I think that it is important to stress this willingness to be an apprentice, this dogged determination to master a tradition because it was a characteristic which remained until the end – how many other men does one know who mastered the computer in his 70s, learned a new way of reading in his late 80s and discovered the new possibilities offered by voice-recognition software in his 90s? I stress this importance of being a willing apprentice in a living tradition because it is mastery of the tradition – insofar as we are ever “masters” – that sets us free to be creative and to follow the Spirit where it is leading us. This creative Spirit was, I believe, a characteristic of the later years of Abbot Patrick’s life to which I now turn.

Fr Patrick was elected Abbot at the age of 67 on April 5 1984. He led the community through 13 challenging years – but years which were also blest by new life entering the monastery and the first beginnings of the changes in our way of living the monastic life which continue today. In these years the community established a pastoral centre in York and a dependent house in Zimbabwe; there were the first significant changes in our relationship to the College and Junior School; and our relationship with Manquehue Apostolic Movement, initiated by the meeting of José Manuel Eguiguren and Fr Dominic, began to deepen and become a two-way exchange. As a young monk I believed, and still believe, that I had found a holy man, a spiritual teacher, to lead me into a deeper relationship with Christ – and I think that there were many in these years who thought the same. It seems to me that this emergence of an abba in our midst was quite a surprise for many of the community who had seen more of the intensely shy, formidably professional, headmaster and all that went with that role than I ever saw.

Abbot Patrick retired as Abbot in 1997 when his steadily progressing deafness increasingly cut him off from easy communication with the community he loved. In his years of retirement he resided for some 12 years in St Louis Abbey. We owe the monks of St Louis a great debt of gratitude for permitting him to discover a new and more relaxed persona. Freed at last from the burdens of office he could teach young monks and pray – two tasks which meant a great deal to him. He also deepened his relationship with the friends he had made in Chile and helped to set up the Cunaco group – men and women united in friendship, in the Benedictine tradition, and in the love of imparting knowledge and a Christian way of life to the young. There is something of a paradox here: for it seems to me that he was at his most creative and happiest in the evening of his life.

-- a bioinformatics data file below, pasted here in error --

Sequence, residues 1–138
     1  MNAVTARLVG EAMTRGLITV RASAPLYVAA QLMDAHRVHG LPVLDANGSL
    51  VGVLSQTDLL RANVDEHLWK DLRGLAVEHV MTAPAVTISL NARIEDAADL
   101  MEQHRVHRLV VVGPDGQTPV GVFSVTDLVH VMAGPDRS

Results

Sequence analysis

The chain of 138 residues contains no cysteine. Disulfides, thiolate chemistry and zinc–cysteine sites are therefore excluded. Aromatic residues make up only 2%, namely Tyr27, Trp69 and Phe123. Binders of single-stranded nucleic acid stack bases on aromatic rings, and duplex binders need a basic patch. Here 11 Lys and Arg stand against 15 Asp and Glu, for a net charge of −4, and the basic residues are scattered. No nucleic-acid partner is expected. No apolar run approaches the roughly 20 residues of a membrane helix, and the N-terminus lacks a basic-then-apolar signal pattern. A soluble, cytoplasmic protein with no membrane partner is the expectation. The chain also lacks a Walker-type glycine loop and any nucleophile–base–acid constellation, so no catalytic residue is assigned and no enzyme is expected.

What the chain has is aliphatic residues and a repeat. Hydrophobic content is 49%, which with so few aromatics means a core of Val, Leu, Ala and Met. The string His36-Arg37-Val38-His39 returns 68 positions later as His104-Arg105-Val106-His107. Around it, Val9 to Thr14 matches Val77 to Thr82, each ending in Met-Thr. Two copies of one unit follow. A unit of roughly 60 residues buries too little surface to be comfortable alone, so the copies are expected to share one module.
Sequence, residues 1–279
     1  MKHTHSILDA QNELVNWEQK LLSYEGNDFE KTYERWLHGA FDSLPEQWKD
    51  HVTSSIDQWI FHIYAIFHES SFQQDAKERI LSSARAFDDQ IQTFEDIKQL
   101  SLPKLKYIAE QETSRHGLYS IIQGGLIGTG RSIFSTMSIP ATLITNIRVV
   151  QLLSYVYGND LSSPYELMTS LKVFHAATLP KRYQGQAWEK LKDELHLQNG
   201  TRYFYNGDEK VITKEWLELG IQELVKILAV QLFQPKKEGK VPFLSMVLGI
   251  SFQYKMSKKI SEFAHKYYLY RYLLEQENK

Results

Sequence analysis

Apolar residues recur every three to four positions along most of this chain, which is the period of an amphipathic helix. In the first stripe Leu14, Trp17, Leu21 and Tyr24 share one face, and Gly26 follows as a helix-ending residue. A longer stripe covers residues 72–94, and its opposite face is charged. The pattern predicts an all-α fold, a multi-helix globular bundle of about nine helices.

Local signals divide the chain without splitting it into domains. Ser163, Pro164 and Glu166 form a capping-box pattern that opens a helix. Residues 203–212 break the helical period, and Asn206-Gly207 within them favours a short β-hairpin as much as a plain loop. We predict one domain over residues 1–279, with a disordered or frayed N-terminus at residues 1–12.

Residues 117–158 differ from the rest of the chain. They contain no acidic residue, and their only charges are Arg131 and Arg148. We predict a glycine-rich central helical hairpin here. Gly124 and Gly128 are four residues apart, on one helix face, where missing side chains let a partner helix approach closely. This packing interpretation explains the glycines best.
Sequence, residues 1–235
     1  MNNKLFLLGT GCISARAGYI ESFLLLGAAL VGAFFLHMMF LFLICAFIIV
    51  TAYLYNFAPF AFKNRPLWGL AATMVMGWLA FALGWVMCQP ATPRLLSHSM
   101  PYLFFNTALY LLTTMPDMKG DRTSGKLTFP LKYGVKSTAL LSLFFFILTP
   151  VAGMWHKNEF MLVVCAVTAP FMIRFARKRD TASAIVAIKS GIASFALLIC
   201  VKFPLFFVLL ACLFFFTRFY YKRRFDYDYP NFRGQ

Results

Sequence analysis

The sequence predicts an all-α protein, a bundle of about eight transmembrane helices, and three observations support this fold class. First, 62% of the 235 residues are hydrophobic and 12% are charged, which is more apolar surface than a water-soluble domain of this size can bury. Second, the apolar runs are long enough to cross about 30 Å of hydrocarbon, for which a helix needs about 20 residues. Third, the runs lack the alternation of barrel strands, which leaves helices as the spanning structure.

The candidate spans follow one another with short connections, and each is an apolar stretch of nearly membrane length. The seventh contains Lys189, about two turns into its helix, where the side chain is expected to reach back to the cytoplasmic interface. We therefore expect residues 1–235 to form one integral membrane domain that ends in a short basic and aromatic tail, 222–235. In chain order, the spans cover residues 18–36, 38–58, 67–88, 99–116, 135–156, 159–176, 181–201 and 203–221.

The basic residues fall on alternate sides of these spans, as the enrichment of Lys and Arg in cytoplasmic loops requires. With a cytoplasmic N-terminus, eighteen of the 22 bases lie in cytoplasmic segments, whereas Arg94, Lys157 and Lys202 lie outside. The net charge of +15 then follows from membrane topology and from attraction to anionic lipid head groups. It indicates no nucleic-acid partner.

Permit me, please to turn now to the Word of God which has been proclaimed to us and the words of the liturgy in which we are participants. As you will be very well aware, when we are speaking about death Catholic tradition underlines the resurrection of the dead and I have chosen the readings today with that very much in mind. In doing this I am not trying to assert that Abbot Patrick has already been taken into the bosom of God the Father. We all knew him well enough to be sure that he was not perfect. We all know that he could be moody and complex – and that it could from time to time be quite uncomfortable for those on the receiving end of a rebuke or a withering comment. We are all aware of some of the sufferings that afflicted him – I think in particular of his close encounter with serious illness and death in October 2005 – when he was not always the easiest of men. But our imperfections are not the sum total of our story. My intention rather is to remind us all that our life on earth is but a beginning. In the Preface we shall sing, “… for your faithful, Lord, life is changed not ended…” (Roman Missal, Preface I for the Dead). We need to believe that, to live it as a reality. For our life on this earth does have a meaning as Cardinal Newman asserts and as Patrick accepted. And we do well to spend a little time when our brethren and friends die trying to read the Gospel in their life; seeing Christ at work within them. If we do that then we will pray for them as we are praying for Patrick: knowing that they are sinners just as we are all sinners – but not mourning as those who have no hope, for we believe that Christ is Risen, the firstborn from the dead, and He has promised to take us from where we are to where He is. This was the truth that Patrick tried to make visible in his life.